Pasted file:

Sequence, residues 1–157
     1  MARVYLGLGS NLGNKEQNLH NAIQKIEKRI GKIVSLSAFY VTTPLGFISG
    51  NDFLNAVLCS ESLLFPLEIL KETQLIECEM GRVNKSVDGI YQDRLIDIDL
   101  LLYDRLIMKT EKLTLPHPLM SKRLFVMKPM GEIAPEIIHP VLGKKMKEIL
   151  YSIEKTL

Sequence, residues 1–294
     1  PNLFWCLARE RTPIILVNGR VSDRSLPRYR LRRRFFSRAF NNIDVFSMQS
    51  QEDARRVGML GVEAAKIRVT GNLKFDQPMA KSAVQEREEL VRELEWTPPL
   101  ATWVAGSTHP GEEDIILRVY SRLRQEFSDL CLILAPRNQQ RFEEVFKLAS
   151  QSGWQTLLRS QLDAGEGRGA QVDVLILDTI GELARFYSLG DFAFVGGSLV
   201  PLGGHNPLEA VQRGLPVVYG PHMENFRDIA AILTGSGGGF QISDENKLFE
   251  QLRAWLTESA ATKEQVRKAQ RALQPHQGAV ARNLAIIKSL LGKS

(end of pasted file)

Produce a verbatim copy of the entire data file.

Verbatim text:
Sequence, residues 1–157
     1  MARVYLGLGS NLGNKEQNLH NAIQKIEKRI GKIVSLSAFY VTTPLGFISG
    51  NDFLNAVLCS ESLLFPLEIL KETQLIECEM GRVNKSVDGI YQDRLIDIDL
   101  LLYDRLIMKT EKLTLPHPLM SKRLFVMKPM GEIAPEIIHP VLGKKMKEIL
   151  YSIEKTL

Sequence, residues 1–294
     1  PNLFWCLARE RTPIILVNGR VSDRSLPRYR LRRRFFSRAF NNIDVFSMQS
    51  QEDARRVGML GVEAAKIRVT GNLKFDQPMA KSAVQEREEL VRELEWTPPL
   101  ATWVAGSTHP GEEDIILRVY SRLRQEFSDL CLILAPRNQQ RFEEVFKLAS
   151  QSGWQTLLRS QLDAGEGRGA QVDVLILDTI GELARFYSLG DFAFVGGSLV
   201  PLGGHNPLEA VQRGLPVVYG PHMENFRDIA AILTGSGGGF QISDENKLFE
   251  QLRAWLTESA ATKEQVRKAQ RALQPHQGAV ARNLAIIKSL LGKS